The Retro 176 is based on a Bill Putnam classic, the UA 176. The Retro 176 faithfully reproduces the sound of the 1960s original with new features for the modern recording studio. The Retro 176 provides one of the most desirable compression signatures in recording history.
By nature, the 176 is a fairly fast compressor, with attack values ranging from 0.1-2 ms and release values between 27(!) and 572 ms. Like the 1176, the 176 was originally named 'Limiting Amplifier', and it's a description that's right on the money: it illustrates the muscular, forceful action of the compression much better than the word 'compressor'. The attack/release values given above, referred to by Retro Instruments as 'single mode', are very similar to those on the Universal Audio original, and may be used when the Attack push/pull potentiometer is in the 'out' position. When it is depressed, the 'double' mode is engaged, in which the release is more program-dependent and the compression is smoother and slower overall, backing off from the pretty grabby and brutal gain-reduction that can be achieved in the 'single' mode. The Retro 176 has a side-chain high-pass filter with a fairly wide range, as high as 2.2 kHz (-3dB) in its maximum setting. In the minimum position, it is deactivated with a switch.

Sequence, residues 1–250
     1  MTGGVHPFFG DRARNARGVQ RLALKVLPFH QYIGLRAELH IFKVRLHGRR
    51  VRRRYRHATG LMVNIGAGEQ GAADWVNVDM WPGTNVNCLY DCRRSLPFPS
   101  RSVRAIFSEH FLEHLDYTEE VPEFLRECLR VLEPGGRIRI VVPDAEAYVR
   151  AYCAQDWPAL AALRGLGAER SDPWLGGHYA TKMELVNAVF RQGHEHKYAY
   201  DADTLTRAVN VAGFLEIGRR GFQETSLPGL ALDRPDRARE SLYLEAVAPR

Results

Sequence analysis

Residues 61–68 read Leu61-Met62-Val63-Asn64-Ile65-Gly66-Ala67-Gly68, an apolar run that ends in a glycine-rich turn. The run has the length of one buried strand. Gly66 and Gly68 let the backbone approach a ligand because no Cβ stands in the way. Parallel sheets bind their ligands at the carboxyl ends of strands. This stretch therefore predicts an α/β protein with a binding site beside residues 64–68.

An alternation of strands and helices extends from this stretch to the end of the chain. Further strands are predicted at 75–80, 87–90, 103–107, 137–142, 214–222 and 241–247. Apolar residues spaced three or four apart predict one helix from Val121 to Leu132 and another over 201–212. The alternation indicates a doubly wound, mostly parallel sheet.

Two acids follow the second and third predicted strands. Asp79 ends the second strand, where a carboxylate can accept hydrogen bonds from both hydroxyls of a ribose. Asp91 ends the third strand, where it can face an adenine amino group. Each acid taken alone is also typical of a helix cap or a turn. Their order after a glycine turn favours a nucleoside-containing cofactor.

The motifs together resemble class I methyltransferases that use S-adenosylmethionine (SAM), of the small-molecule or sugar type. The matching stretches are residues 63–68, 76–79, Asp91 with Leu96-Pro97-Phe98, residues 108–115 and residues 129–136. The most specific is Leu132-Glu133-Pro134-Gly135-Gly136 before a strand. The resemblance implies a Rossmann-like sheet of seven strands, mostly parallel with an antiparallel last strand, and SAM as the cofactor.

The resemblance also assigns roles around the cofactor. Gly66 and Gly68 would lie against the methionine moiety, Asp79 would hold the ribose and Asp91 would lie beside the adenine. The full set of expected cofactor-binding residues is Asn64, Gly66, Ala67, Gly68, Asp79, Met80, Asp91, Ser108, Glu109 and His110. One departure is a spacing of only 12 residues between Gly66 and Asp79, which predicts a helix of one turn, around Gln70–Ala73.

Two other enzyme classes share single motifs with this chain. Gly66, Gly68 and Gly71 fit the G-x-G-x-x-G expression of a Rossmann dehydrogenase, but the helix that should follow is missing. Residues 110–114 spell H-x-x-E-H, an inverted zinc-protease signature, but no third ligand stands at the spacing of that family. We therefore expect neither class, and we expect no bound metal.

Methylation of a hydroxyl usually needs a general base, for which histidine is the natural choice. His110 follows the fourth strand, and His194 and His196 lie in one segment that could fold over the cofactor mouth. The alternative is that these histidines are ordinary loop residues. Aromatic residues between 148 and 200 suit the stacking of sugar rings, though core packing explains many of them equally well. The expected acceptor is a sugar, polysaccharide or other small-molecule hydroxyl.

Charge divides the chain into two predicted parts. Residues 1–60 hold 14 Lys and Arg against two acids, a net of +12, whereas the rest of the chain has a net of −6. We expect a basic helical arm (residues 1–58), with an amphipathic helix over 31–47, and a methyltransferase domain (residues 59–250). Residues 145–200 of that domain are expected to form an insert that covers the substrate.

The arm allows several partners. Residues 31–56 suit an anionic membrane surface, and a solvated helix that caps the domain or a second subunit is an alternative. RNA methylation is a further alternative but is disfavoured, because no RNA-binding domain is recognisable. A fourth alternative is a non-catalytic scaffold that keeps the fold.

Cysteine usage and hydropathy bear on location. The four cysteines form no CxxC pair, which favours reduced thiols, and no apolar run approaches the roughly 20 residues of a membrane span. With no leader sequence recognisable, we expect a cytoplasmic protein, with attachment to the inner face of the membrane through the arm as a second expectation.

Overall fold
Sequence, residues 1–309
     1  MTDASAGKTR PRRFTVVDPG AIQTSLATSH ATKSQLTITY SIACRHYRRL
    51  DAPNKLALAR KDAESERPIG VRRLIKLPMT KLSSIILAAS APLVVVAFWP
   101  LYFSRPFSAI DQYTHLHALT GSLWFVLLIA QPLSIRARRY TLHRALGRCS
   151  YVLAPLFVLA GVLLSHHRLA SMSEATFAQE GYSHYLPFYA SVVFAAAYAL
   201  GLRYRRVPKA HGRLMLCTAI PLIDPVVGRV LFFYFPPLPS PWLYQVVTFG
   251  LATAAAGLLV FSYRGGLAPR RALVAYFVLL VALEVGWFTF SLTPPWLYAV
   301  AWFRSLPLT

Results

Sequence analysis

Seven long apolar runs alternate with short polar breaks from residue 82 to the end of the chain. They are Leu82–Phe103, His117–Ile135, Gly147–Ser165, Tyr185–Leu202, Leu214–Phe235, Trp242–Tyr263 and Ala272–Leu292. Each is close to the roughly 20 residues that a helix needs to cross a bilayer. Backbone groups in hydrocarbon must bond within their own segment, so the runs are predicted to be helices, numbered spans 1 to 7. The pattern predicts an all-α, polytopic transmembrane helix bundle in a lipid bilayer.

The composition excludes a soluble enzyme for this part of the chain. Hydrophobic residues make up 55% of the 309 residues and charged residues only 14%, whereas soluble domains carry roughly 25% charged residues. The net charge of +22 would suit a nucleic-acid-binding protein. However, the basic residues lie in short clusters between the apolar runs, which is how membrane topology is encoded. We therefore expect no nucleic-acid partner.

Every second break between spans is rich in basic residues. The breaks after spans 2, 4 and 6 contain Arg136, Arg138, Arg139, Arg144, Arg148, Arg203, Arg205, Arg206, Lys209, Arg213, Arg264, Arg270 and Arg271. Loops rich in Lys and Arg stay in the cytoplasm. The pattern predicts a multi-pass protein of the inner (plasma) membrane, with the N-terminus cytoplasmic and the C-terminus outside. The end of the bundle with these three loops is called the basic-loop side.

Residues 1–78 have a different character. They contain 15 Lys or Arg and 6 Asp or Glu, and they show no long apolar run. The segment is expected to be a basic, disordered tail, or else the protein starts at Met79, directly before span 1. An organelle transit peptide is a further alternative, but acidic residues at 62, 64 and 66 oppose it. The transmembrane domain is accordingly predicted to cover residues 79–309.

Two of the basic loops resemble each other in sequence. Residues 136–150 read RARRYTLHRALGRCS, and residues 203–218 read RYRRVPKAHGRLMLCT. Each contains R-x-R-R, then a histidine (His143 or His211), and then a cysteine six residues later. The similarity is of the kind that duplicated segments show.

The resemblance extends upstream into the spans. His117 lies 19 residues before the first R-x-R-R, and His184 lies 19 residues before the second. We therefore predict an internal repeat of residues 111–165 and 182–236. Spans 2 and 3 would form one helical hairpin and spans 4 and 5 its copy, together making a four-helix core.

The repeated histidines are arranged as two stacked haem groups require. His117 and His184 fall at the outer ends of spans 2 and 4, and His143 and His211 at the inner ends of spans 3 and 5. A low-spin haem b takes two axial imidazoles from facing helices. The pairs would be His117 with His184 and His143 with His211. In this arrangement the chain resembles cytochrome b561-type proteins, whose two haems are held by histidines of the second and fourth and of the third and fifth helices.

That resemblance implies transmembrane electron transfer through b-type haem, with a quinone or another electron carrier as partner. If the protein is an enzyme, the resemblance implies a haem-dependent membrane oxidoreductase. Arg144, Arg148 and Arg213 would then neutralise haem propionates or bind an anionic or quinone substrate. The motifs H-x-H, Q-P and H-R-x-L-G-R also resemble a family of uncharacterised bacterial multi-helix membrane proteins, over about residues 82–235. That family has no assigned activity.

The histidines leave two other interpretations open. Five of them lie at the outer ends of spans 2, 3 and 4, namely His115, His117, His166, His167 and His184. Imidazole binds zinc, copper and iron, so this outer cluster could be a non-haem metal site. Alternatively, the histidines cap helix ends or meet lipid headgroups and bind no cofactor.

For sonic variety, the inter-stage transformer, which is located between the gain-reduction element and the output stage, may be switched in and out of the signal path, and there's also the very interesting 'asymmetry' function, which can be toggled off or into the '+' and '–' positions. The switch determines whether the detector reacts on the full waveform, or only on the positive or negative sides. As the comprehensive manual explains, it "determines which edge of the wave the compression will ride on”. This may help to 'open up' the compression on signals with asymmetrical waveforms, such as certain vocal or horn tracks.
The Retro 176 employs six vacuum tubes, just like Putnam's original. At the heart of the design, a 6BC8 dual-triode tube provides the variable gain stage, the actual compression element. A negative bias (the detector or side-chain signal) is applied to the grids of the triode elements, determining the output gain of the valve. The signal is then, via the inter-stage transformer, fed to the output amplifier, which is based on a pair of 12AX7 and 12BH7 dual triodes, operating in a push-pull configuration. The other three valves are not placed directly in the signal path, but they perform some very important duties nonetheless. Firstly, a 5Y3GT power rectifier valve is used in the power supply, a task that nowadays (apart from in certain guitar amps) is most commonly handled by silicon diodes. There's also a second, smaller 6AL5 rectifier valve for the side-chain signal and, finally, an OB2 voltage regulator valve, which feeds the 6BC8.
|Number of Channels||1|
|Controls||Ratio, Attack, Release|
|Ratio||2:1 to 12:1|
|Inputs||1 x XLR|
|Outputs||1 x XLR|
The Gear Rack